· Different pointing styles and applications.
· Application of new mortars.
· Care and protection of finished applications.
· Health and safety issues all applied to.
Relevant course material provided to students:
- ARCHAEOLOGICAL PROJECTS Claire Walsh
o Archaeological reports, historical reports/photos & presentation
· CARRIG CONSERVATION Peter Cox & John Beattie
o Monuments Protection & Cleaning Methodology
o Plaster & Paint Analysis
o Mortar Analysis
· McCULLOUGH MULVIN ARCHITECTS Niall McCullough
· KILKENNY ARCHAEOLOGY Cóilín Ó Drisceoil
o Shee Mausoleum Restoration pack
o Graveyard Survey & reports
- KILKENNY COUNTY COUNCIL
o Part 8 Planning Pack
o Co. Manager’s report
- ENABLING WORKS PACK
- BUILDING INVESTIGATION REPORTS
o Dendrochronology report
o Roof timber detailed survey
o Tower fabric detailed survey
o Asbestos report
- CONSERVATION PLAN
Summary of building repairs engaged in and the contribution of the trainees to these repairs
· The cutting out and repointing repairs engaged in by the ACS trainees was carried out to an extremely high standard. Extra care was taken in cutting the existing mortar from the stonework, and with guidance from the lecturers and two of the group’s masonry students, Brian and Joe, and no damage was made to the existing stonework.
· The repointing was undertaken in the same professional manner. Batching of the mortar, mixing for a minimum period and all works covered and protected after each working session.
· The level of care and professional attitude from a mainly non-trade group was extremely rewarding from a teaching perspective.
|ST.MARY’S TBSTS TRAINING PROGRAMME|
|WEEK||DATE||ACTIVITY||SPEAKER 1||SPEAKER 2|
1. Site Induction: Awareness of sensitivity of the building fabric and the graveyard
2. Project overview
Evelyn Graham, Project Liaison Architect KKCC:
Conservation Officer KKCC:
Planning & Conservation issues
1. Site/building investigations Conservation techniques Identification of materials
2. Archaeology for main project in former Chancel & North aisle
3. Tour of site
|Peter Cox, Carrig Conservation Consultants||Claire Walsh, Archaeological Projects|
1. “Intervention & change” Lecture on design, conservation & re- development of St.Mary’s
2. Restoration of Shee Mausoleum & history of site
3. Site inspection
|Niall McCullough, Director McCullough Mulvin Architects, Lead consultant.||Cóilín Ó Drisceoil, Kilkenny Archaeology.|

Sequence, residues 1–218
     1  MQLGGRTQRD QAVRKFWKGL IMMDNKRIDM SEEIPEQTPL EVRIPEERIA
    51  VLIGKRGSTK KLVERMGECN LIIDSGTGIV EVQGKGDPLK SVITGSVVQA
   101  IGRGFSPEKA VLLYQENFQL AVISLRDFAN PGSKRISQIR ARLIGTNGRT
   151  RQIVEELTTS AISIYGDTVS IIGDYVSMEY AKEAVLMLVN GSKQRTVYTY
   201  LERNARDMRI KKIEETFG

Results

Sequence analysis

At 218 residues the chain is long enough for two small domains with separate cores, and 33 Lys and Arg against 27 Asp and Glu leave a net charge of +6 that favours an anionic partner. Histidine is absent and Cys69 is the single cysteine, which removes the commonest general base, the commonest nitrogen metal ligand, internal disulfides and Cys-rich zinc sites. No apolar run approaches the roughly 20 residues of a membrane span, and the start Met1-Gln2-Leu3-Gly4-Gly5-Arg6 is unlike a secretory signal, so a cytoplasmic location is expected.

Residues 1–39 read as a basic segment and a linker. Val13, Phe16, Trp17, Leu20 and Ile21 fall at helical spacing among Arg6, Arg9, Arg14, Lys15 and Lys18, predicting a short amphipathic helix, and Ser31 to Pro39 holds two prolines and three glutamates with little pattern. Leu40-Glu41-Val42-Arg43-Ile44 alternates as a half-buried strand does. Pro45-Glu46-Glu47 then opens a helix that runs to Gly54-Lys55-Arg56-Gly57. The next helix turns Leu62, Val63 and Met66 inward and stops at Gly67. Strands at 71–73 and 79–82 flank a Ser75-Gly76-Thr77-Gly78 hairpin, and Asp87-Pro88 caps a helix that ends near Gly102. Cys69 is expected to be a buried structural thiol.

1. Practical workshops on exemplar wall panels
2. Focus on conservation techniques & materials
WIT Course Tutors:
1. Practical workshops continued including “Hot Lime” demonstration
Stone Mason & Instructor
Building Limes Forum of Ireland.
1. Practical workshops continued
2. Review of works to date
|WIT Course Tutors||Nessa Roche Architectural Advisor DAHG|
1. Practical workshops continued
2. Conservation, relocation & storage of monuments & inspection of Monuments Room
WIT Course Tutors
John Beattie, Carrig Conservation
1. Practical workshops continued
2. Review of works to date
3. Site visit to Evans Home with Evelyn
|WIT Course Tutors||Evelyn Graham, Project Liaison Architect for St.Mary’s & Evans Home projects|
|9||07.01.15||Practical workshop: Repointing||WIT Course Tutors||Evelyn Graham|
|10||14.01.15||Practical workshop: Repointing||WIT Course Tutors||Evelyn Graham|
1. Lecture on the chemistry of building fabric, cleaning, materials behaviour
2. On site examination
3. Review of completed work
WIT Course Tutors
Sharon O’Brien, A/Head of School of Architecture
|12||28.01.15||Workshop and discussion at WIT about the collaboration at St Mary's as the pilot for the traditional skills programme.|
Marie Wilgaard Kelly
|Hot Lime Mortars and Pointing||Workshop 12th November 2014|
|Patrick McAfee, Stonemason||Lisa Edden, Structural Engineer|
|09.30||Introduction||Welcome and outline of programme|
PPE, Eye protection
All participants to bring safety glasses, work boots, high vis jacket/coat/vest, safety helmet, work boots and gloves
|09.50||Materials||Description of materials, look at site|
Flora and fauna habitats
|Bats, birds, insects, fish, protected species of flora and fauna. Ivy growth|
Philosophy of approach
|Deciding when to point. Removal or not of existing sand and cement pointing/renders etc|
|Visual, identification of mortar types including hot lime mortars and clay. Taking a sample for testing in order to replicate. Tests (discussion of) lime content, lime type, lime:sand ratio, capillary, crystallisation, absorption, sieve analysis. Introduction to clay tests|
|10.40||Preparation||Selective raking out, depth and profile of raking, dampening|